— Ibid. (Italics theirs, but bold mind.)

Your desire to have the output of your program attributed is your purpose — that is, the developer's purpose. Your users' desire to freely reproduce the output of the program is their purpose. And as this has only to do with how the program is run, and has nothing to do with the program source code, it is covered by freedom 0. Thus, if you wish for your software to be free software by GNU's definition, you must not restrict in any way how your users run your software.

It's worth noting that this is purely philosophical — these words have no weight of law and are not a license. This is just an essay laying out GNU's idea of what it means for software to be “free.” It's also presumably the Free Software Foundation's opinion, because the FSF's page on free software links to the GNU page quoted above.

That said, this is the definition of free software that the authors of the GPL and other free software licenses had in mind when writing their licenses. GNU maintains a non-exhaustive list of licenses that it considers to be consistent with its definition of free software.

Open Source Software

Similar to GNU, the Open Source Initiative has a definition of “open source software.” It is similar but not identical to GNU's definition of free software. Criteria 5 and 6 are the most direct correspondence to GNU's freedom 0.

5. No Discrimination Against Persons or Groups

The license must not discriminate against any person or group of persons.

6. No Discrimination Against Fields of Endeavor

The license must not restrict anyone from making use of the program in a specific field of endeavor. For example, it may not restrict the program from being used in a business, or from being used for genetic research.

The Open Source Definition

This is not identical to GNU's freedom 0 — OSI's criteria are more limited and specific. It's not exactly clear to me if what you're suggesting clashes with these criteria, but I think potentially not, as long as your license required everyone to give attribution for output. (There is still the challenge of enforcing that in a license, but I'll talk about that later.)

Like with GNU, this is just philosophy and not a license in itself, but also like GNU, OSI maintains a list of approved licenses that it considers to be consistent with its definition of open source software.


You can certainly look through the lists of licenses maintained by GNU and OSI to try to find a license that does what you want. I haven't looked, but I kind of doubt you'll find one. My own impression is that your goal is explicitly contrary to GNU's definition of free software, and implicitly contrary to the spirit of OSI's definition of open source software — but I'm definitely not a lawyer or expert on licensing!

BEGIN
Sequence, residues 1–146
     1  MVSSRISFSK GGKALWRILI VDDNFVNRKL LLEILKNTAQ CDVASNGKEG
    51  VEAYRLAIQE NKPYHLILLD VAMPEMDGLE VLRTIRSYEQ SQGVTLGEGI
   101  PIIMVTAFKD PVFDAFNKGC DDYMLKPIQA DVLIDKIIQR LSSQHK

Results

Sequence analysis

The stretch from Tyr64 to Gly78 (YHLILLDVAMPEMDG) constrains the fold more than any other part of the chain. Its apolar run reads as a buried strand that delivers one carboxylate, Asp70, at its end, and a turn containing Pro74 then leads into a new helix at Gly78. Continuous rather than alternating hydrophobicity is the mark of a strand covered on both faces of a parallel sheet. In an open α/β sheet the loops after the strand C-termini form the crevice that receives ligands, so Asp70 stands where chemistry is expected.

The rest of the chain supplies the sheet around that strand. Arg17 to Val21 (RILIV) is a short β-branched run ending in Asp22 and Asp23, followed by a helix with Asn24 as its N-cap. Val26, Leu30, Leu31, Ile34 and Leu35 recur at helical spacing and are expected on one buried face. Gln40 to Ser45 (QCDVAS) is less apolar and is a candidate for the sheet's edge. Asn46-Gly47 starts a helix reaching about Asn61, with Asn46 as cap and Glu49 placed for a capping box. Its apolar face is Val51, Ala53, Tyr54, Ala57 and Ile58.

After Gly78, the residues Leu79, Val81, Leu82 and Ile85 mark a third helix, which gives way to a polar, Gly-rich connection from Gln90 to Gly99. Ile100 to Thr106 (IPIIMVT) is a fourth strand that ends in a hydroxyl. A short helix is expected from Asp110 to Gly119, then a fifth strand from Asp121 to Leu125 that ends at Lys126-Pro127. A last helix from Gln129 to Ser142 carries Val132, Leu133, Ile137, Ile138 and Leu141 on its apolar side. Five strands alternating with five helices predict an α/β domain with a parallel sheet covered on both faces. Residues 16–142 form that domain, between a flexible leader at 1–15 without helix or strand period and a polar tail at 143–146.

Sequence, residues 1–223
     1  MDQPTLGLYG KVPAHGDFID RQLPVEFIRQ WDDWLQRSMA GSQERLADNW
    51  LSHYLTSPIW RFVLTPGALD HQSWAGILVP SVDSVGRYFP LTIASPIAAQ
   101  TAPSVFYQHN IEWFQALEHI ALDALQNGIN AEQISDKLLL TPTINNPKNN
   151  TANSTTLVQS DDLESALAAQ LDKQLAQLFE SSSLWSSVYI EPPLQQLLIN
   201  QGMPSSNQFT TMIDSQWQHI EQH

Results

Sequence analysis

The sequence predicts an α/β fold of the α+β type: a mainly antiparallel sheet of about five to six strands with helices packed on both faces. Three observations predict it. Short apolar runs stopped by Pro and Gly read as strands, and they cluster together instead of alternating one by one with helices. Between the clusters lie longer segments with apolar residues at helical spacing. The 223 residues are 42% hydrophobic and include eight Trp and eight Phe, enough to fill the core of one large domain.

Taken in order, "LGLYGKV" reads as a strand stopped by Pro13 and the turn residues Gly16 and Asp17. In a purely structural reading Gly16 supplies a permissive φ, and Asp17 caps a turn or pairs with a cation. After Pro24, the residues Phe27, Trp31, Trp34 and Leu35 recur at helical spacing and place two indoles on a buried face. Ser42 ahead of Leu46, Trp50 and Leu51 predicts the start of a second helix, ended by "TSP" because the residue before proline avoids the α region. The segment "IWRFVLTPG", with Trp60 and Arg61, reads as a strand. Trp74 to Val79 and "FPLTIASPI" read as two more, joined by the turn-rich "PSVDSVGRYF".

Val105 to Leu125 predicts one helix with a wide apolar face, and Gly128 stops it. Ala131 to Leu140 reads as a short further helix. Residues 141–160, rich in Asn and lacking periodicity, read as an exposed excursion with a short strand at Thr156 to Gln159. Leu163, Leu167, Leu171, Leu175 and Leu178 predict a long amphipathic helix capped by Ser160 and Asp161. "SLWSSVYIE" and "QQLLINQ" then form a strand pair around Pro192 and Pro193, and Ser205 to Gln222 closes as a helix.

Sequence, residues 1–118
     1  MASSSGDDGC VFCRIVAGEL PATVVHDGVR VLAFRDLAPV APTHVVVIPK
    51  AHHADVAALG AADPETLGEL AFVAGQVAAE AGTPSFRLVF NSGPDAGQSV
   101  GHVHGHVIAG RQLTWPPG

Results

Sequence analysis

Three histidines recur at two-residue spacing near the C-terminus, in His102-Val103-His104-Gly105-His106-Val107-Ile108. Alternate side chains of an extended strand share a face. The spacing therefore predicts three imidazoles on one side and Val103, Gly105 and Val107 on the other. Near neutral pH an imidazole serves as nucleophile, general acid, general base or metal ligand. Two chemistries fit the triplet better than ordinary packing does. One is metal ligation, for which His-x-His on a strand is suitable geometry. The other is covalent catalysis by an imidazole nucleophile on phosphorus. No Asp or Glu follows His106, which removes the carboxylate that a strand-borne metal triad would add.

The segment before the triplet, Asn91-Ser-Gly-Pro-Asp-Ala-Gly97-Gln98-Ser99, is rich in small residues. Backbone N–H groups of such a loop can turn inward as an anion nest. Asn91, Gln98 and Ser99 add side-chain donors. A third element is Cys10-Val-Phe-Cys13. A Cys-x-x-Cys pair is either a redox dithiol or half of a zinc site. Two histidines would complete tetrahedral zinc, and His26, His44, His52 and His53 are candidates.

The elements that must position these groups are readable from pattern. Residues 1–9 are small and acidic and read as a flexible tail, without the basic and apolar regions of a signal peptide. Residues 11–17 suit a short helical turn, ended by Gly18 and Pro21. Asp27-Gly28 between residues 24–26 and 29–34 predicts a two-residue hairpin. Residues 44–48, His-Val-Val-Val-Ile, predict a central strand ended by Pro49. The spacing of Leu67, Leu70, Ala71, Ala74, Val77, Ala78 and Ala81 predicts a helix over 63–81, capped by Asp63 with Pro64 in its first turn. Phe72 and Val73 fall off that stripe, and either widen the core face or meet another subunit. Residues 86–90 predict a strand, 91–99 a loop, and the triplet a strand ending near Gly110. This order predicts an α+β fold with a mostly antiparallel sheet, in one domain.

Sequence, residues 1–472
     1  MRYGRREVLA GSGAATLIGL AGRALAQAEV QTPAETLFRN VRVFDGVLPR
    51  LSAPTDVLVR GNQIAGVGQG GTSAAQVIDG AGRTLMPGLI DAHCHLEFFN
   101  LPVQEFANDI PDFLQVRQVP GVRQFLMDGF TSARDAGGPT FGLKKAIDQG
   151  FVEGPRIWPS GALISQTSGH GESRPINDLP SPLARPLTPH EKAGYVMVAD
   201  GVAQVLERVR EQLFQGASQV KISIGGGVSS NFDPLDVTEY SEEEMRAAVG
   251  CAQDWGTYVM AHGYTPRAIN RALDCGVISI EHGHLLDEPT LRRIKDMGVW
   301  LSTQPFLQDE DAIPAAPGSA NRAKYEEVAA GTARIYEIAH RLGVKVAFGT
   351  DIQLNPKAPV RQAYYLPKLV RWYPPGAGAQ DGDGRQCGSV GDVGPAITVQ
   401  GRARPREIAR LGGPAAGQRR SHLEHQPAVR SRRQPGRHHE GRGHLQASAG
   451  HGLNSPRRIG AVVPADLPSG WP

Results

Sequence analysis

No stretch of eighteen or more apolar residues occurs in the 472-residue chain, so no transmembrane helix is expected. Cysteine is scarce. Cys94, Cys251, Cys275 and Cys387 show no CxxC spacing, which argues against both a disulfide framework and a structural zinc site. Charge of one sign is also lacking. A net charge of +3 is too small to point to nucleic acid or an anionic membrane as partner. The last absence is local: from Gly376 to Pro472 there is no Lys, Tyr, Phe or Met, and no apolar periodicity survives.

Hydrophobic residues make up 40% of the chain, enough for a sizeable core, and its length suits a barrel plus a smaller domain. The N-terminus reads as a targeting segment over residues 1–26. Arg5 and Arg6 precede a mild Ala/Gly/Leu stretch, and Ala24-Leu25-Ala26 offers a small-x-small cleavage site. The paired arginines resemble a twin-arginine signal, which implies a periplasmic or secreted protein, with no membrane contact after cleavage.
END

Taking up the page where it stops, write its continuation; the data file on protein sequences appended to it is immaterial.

You can also look around for a non-free, non-open-source software license to use, but you'll be on shakier ground there. Software licenses are themselves creative works and are protected by copyright. Free and open source software licenses permit (and usually require) you to distribute them. Other licenses are going to be case-by-case.

If you can't find an existing license you can use, you'll have to write your own. As described above, it won't be considered a free software license, and even if it meets the criteria of an open source license, it won't be an OSI approved open source license unless you go through their review process.

I'm not really knowledgeable to discuss the intricacies of how you would go about that, or the differences between copyright-based licenses and contract-based licenses, or non-US copyright law. I do feel safe in saying it would be non-trivial. You should probably consult a lawyer, as you'll essentially be drafting your own proprietary software license — if you get it wrong, it will be unenforceable.

Potential License Complications

Your goal may be particularly tricky because, as others have pointed out, your copyright over the program likely doesn't extend to the output that users produce using the program. It's my understanding that most software licenses use copyright as the basis to enforce their terms, which would make it difficult for such a license to have terms restricting use of the program's output.